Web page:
Vive la revolution!

Different people learn in different ways.

By LIAT BEN-DAVID
December 4, 2016 21:34
4 minute read.
Students in a classroom.

Students in a classroom.. (photo credit: REUTERS)

 
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The days of our education system, as we know it, are over.

The only question is how long we will continue to patch, dissect and abuse it before we allow it to rest in peace and ourselves to move forward.

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It is time to candidly ask ourselves: what is the purpose of schools and the time we invest in them? To discuss this meaningfully, we should consider several aspects: The sources of learning have changed radically. All the information and knowledge that were once confined to books are now available on the Internet, in addition to much more, all in different languages, levels and with direct access to leading experts worldwide. All you need is a computer. More than 95 percent of Israeli children (from age nine) in every sector of society have a cellphone, i.e. a computer, in the palm of their hand. Students use a wide variety of resources, including Wikipedia, social networks, TED, Youtube, news sites, apps – and books. The question isn’t how many of our children use computers, it’s how much and for what reasons.

Handwriting is no longer needed.

Learning how to write should combine three aspects: the technical part of typing; language arts – reading, vocabulary, correct grammar and syntax, writing complete and coherent sentences, paragraphs and essays, creative writing; and fine arts, such as painting, sculpture, music, dance – all the arts that develop, among other things, fine motor skills, creativity, imagination and our ability to weave beauty and intimacy into our texts.

Different people learn in different ways. During the past few decades, we have learned to know ourselves, understanding how diverse we are in almost every realm of life. At the same time, human achievement is no longer the product of individuals.

Research and products are developed by teams, often comprised of experts in different fields from different continents, requiring enormous investment of resources, time, communication – and partnerships, the exact opposite of what is required in the various standardized evaluations that schools demand of students.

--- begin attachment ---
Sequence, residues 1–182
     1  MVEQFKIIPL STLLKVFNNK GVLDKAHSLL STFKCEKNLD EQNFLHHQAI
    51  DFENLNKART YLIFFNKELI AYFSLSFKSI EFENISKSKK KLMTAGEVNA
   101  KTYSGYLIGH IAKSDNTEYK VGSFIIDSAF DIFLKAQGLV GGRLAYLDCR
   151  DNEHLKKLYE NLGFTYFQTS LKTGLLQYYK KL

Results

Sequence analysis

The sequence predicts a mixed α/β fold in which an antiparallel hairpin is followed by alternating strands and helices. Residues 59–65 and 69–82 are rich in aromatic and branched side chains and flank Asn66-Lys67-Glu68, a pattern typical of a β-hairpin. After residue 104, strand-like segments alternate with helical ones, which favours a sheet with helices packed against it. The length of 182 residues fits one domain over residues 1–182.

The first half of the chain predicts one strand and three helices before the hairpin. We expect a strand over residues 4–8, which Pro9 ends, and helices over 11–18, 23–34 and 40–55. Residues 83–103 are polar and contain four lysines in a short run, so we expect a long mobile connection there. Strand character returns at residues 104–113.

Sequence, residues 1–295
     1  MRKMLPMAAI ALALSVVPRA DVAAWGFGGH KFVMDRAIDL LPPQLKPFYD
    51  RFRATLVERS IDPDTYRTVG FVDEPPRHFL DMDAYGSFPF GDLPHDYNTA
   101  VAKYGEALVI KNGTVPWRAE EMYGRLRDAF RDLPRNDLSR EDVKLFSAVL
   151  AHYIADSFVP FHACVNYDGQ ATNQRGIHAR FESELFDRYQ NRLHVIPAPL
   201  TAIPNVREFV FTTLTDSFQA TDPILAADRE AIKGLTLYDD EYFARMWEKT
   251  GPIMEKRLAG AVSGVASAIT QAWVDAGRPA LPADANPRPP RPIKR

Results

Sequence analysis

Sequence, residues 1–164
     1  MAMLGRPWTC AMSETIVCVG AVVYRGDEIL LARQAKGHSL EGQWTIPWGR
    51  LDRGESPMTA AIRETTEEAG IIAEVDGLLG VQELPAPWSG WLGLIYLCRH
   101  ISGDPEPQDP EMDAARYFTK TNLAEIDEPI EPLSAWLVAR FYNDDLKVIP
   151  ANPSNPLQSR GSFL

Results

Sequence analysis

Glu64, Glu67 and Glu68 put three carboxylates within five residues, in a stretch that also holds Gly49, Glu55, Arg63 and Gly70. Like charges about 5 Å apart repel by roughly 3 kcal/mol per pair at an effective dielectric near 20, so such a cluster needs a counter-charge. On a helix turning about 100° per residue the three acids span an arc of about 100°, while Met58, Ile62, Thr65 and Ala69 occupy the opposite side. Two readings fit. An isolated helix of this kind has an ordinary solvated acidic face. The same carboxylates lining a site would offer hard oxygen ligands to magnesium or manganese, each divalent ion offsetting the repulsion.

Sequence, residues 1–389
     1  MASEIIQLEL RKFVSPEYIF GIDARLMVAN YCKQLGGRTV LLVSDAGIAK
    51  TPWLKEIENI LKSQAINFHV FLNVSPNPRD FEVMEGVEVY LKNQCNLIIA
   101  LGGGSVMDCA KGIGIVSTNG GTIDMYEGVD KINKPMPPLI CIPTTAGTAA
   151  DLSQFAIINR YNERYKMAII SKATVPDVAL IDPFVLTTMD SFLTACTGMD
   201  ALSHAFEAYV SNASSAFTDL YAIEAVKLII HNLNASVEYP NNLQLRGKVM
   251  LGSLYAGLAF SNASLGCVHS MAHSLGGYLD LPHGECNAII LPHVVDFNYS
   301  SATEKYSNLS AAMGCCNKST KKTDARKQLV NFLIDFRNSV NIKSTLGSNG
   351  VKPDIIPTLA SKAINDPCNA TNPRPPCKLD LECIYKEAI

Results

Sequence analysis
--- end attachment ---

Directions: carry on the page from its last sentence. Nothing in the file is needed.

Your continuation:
The technological abilities of the 21st century allow us to break education’s chains of time, space and content. Ours is an era of multidisciplinary knowledge, available always, everywhere and in every context, growing at an exponential rate – and free. This situation creates a dramatic change in the way we perceive processes, identity, rights and responsibility, a change so deep that it can only be described as a revolution of personal and social structures, interactions and belief systems.

In view of the above, one can only smirk when one hears that the best way our education system has found to deal with the lack of English teachers is to give scholarships to students learning to be English teachers; universities are fighting the reduction in student numbers by demanding budget increases and more professors; the high road of evaluation in our education system is still standardized tests; and the fact that more than 50 percent (!) of the students “don’t fit” the system leads to more labels of learning disabilities. When more than half of the people “don’t fit” the system that is supposed to serve them, you’re not supposed to change the people. You’re supposed to change the system.

From kindergarten to the academia, there is dire need to create a new paradigm of education. It isn’t about implementing technologies, adding resources or even shifting priorities.

In today’s reality, the major role, goals and processes of the education system should be rebuilt. If we wish our students to be active, creative and innovative, to know how to work in flexible and sustainable teams, we need a system that is active, creative and innovative, working in flexible and sustainable teams. It is time to redesign the system, without fear, to learn from failure as well as success, by revisiting its fundamental questions: What is worthy of learning? Who are our students and who are the teachers we need? When and how does learning/ teaching take place? Where should learning/teaching occur? Why – in the midst of the most multi-disciplinary, enabling and global century humanity has ever known, we must thoroughly explore the reasons to teach what we decide to teach.

Every answer we give to these questions should take into consideration the development of the four arts: Knowledge Arts – identification and utilization of multi-disciplinary knowledge.

Thinking Arts – problem solving, critical thinking, flexibility, creativity, innovation and risk-taking.

Know-How Arts – design, craftsmanship, technical skills and practical experience.

Interaction Arts – from curiosity, imagination and motivation to teamwork, activism and sustainability.

Building an education system that gives candid answers to the above questions will strengthen Israel’s position as a start-up nation not only in technology, but in philosophy and humanity as well. It requires brave optimism that is yet to be found in our policy-makers. Toward the end of the second decade of the 21st century, we don’t need another reform. We need re-invention.

The author is CEO of the Wolf Foundation which works to promote science and art. The announcement of the Wolf award winners will be held on January 3, 2017.

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